James Schuyler

      Dining Out with Doug and Frank

Not quite yet. First,
around the corner for a visit
to the Bella Landauer Collection
of printed ephemera:
luscious lithos and why did
Fairy Soap vanish and
Crouch and Fitzgerald survive?
Fairy Soap was once a
household word! I've been living
at Broadway and West 74th
for a week and still haven't
ventured on a stroll in
Central Park, two bizarre blocks
away. (Bizarre is for the ex-
town houses, mixing Byzantine
with Gothic and Queen Anne.)
My abstention from the Park
is for Billy Nichols who went
bird-watching there and, for
his binoculars, got his
head beat in. Streaming blood,
he made it to an avenue
where no cab would pick him up
until one did and at
Roosevelt Hospital he waited
several hours before any
doctor took him in hand. A
year later he was dead. But
I'll make the park: I carry
more cash than I should and
walk the street at night
without feeling scared unless
someone scary passes.


Now it's tomorrow,
as usual. Turned out that
Doug (Douglas Crase, the poet)
had to work (he makes his bread
writing speeches): thirty pages
explaining why Eastman Kodak's
semi-slump (?) is just what
the stockholders ordered. He
looked glum, and declined
a drink. By the by did you know
that John Ashbery's grandfather
was offered an investment-in
when George Eastman founded his
great corporation? He turned it
down. Eastman Kodak will survive.
"Yes" and where would our
John be now? I can't imagine him
any different than he is,
a problem which does not arise,
so I went with Frank (the poet,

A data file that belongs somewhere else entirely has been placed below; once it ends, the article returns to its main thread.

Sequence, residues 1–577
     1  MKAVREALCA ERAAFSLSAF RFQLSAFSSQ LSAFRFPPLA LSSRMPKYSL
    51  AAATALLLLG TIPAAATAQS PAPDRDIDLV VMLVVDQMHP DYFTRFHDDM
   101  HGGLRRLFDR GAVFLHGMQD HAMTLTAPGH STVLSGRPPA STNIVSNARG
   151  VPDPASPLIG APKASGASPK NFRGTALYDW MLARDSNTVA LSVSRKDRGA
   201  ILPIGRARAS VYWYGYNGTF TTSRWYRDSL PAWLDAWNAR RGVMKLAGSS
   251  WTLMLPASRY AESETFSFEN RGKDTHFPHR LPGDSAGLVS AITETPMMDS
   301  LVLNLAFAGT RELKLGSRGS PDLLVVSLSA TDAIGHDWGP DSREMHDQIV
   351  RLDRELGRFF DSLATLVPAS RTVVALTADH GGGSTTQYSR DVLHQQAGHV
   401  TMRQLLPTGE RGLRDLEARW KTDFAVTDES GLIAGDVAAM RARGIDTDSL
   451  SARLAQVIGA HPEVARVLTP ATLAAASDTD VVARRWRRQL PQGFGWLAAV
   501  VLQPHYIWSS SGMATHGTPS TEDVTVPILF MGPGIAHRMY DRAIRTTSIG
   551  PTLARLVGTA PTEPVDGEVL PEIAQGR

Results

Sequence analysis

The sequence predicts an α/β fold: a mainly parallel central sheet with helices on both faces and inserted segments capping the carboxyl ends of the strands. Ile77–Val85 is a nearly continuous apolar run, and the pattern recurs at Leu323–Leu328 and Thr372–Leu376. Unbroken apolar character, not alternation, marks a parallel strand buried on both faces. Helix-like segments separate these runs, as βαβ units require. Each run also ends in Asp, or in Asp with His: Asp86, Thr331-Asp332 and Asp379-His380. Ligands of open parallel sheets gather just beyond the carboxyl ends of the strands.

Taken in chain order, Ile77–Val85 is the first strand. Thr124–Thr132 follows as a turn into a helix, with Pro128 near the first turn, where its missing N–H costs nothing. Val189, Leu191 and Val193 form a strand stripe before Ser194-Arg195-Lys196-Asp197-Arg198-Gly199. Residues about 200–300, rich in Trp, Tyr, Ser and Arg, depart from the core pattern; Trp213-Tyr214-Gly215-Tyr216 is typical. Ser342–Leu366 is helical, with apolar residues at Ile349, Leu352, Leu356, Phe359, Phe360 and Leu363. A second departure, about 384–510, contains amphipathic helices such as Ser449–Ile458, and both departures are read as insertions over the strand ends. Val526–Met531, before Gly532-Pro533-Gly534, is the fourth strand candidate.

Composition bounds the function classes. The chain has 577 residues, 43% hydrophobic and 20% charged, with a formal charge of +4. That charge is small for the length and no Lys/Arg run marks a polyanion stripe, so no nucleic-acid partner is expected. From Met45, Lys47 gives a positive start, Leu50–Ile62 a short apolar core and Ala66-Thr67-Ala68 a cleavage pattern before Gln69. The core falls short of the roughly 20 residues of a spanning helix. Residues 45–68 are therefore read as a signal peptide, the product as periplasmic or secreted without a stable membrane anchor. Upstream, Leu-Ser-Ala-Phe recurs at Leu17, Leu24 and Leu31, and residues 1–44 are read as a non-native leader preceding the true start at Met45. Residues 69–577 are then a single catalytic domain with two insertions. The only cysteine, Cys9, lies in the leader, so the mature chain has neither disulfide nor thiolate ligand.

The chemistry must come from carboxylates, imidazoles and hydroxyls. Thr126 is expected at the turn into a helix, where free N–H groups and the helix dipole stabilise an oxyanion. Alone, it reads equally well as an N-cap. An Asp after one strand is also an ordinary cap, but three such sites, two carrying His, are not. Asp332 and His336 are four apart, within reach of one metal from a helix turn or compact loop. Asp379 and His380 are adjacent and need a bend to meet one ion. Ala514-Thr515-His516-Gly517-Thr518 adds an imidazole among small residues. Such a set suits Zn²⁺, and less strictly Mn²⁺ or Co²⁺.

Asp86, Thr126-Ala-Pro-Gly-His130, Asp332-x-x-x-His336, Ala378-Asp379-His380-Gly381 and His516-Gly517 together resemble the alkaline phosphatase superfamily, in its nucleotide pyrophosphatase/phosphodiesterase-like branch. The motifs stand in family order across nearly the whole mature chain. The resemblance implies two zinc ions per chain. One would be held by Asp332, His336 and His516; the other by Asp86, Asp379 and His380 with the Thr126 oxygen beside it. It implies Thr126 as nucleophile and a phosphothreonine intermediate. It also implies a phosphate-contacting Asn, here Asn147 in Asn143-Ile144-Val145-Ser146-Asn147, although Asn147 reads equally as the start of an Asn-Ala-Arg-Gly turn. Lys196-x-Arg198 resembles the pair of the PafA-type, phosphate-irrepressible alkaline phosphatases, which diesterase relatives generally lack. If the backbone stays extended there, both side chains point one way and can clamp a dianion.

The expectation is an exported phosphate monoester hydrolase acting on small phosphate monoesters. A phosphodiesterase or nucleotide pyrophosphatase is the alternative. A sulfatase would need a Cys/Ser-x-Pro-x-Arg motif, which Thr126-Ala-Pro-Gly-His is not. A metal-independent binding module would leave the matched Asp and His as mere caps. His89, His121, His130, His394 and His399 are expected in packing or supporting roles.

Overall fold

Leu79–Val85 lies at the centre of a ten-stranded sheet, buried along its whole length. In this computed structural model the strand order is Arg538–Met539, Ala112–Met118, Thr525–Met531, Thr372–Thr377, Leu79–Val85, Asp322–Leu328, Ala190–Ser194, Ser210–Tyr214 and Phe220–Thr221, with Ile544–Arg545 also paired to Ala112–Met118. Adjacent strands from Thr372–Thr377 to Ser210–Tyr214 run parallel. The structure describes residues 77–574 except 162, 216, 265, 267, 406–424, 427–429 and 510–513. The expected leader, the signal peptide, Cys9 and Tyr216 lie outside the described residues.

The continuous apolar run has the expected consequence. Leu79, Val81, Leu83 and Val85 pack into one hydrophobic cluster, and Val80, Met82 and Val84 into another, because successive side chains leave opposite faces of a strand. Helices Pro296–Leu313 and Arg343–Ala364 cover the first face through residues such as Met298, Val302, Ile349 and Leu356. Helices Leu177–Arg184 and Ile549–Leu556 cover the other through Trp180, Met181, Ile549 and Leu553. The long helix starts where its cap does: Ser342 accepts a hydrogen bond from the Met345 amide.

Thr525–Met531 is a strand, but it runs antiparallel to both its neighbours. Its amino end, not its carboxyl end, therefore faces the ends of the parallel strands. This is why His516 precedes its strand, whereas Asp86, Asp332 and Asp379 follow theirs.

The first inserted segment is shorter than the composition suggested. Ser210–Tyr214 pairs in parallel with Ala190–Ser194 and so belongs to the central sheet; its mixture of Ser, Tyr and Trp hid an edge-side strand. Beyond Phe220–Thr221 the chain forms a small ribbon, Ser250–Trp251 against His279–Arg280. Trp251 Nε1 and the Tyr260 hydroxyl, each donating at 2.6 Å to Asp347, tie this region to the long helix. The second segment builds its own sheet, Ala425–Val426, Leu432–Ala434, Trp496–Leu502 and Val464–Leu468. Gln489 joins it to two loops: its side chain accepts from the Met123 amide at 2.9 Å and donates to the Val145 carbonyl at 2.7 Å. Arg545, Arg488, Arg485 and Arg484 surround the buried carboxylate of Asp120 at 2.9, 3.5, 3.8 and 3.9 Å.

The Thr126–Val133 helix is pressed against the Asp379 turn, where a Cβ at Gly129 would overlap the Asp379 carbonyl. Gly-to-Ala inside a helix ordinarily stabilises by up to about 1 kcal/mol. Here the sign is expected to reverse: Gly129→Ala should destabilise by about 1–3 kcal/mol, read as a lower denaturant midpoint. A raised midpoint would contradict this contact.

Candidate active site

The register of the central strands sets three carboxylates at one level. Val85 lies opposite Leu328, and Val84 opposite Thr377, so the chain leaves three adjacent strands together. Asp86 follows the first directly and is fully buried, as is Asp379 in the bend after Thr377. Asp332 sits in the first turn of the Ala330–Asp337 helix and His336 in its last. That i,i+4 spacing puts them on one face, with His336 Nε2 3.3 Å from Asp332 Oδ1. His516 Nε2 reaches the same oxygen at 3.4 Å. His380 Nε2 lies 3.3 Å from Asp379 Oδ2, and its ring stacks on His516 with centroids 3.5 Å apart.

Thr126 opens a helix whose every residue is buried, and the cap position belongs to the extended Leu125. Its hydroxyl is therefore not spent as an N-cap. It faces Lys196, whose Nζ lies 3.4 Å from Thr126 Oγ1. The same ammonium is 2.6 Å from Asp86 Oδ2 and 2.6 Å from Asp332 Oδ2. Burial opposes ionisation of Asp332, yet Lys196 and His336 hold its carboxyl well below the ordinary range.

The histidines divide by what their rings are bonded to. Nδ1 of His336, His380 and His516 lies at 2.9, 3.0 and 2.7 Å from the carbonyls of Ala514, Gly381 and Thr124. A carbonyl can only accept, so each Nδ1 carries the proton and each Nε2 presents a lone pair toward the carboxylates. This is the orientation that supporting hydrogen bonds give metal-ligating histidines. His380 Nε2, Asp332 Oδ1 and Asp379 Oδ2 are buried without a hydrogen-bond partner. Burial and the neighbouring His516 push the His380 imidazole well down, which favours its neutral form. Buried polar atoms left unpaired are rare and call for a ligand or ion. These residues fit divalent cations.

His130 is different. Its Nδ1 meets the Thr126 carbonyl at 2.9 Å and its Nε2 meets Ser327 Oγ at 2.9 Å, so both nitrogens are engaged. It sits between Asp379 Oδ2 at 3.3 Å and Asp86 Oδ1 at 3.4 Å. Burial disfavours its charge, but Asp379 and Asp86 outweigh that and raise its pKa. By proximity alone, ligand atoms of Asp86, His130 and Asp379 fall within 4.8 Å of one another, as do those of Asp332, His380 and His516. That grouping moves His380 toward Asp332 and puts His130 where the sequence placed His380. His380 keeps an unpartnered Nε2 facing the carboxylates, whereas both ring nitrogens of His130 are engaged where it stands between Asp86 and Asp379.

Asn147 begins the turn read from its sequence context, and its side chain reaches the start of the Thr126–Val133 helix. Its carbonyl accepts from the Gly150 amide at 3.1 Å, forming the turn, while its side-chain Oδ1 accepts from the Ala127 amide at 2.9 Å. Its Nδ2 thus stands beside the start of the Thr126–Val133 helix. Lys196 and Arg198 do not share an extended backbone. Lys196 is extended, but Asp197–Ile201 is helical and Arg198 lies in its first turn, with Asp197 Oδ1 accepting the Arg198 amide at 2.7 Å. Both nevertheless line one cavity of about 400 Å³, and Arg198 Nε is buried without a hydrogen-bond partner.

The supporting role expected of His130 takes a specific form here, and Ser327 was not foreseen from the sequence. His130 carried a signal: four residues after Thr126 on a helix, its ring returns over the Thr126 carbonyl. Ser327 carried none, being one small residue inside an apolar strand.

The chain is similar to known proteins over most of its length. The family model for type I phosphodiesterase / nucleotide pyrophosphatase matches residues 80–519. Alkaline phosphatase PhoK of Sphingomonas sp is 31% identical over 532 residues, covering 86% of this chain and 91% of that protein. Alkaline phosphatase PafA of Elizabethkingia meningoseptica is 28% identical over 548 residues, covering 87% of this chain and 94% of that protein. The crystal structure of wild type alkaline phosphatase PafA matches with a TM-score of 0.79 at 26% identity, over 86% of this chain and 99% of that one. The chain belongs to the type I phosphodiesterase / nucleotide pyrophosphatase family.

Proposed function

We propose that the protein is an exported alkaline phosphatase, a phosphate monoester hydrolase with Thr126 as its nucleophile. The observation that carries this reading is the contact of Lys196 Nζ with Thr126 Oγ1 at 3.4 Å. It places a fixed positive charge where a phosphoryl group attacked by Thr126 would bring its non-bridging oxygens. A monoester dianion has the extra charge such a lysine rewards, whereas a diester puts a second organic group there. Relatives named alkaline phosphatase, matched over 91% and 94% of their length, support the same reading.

he makes his dough as a librarian,
botanical librarian at Rutgers
and as a worker he's a beaver:
up at 5:30, home after 7, but
over striped bass he said he
had begun to see the unwisdom
of his ways and next week will
revert to the seven-hour day
for which he's paid. Good. Time
and energy to write. Poetry
takes it out of you, or you
have to have a surge to bring
to it. Words. So useful and
pleasant) to dine at McFeely's
at West 23rd and Eleventh Avenue
by the West River, which is
the right name for the Hudson
when it bifurcates from
the East River to create
Manhattan "an isle of joy."
Take my word for it, don't
(shall I tell you about my
friend who effectively threw
himself under a train in
the Times Square station?
No. Too tender to touch. In
fact, at the moment I've blocked
out his name. No I haven't:
Peter Kemeny, gifted and tormented
fat man) listen to anyone


Oh. At the Battery all
that water becomes the
North River, which seems
to me to make no sense
at all. I always thought
Castle Garden faced Calais.


Peconic Bay scallops, the
tiny, the real ones and cooked
in butter, not breaded and
plunged in deep grease. The food
is good and reasonable (for these
days) but the point is McFeely's
itself – the owner's name or
was it always called that? It's
the bar of the old Terminal Hotel
and someone (McFeely?) has had
the wit to restore it to what
it was: all was there, under
layers of paint and abuse, neglect.
You, perhaps, could put a date
on it: I'll vote for 1881
or the 70's. The ceiling
is florid glass, like the cabbage-rose
runners in the grand old hotels
at Saratoga: when were they built?
The bar is thick and long and
sinuous, virile. Mirrors: are
the decorations on them cut
or etched? I do remember that
above the men's room door the
word Toilet is etched
on a transom. Beautiful lettering,
but nothing to what lurks
within: the three most
splendid urinals I've ever
seen. Like Roman steles. I
don't know what I was going
to say. Yes. Does the Terminal Hotel
itself still function? (Did you
know that "they" sold all the
old mirror glass out of Gage
and Tollner's? Donald Droll has
a fit every time he eats there.)
"Terminal," I surmise, because
the hotel faced the terminal
of the 23rd Street ferry, a
perfect sunset sail to Hoboken
and the yummies of the Clam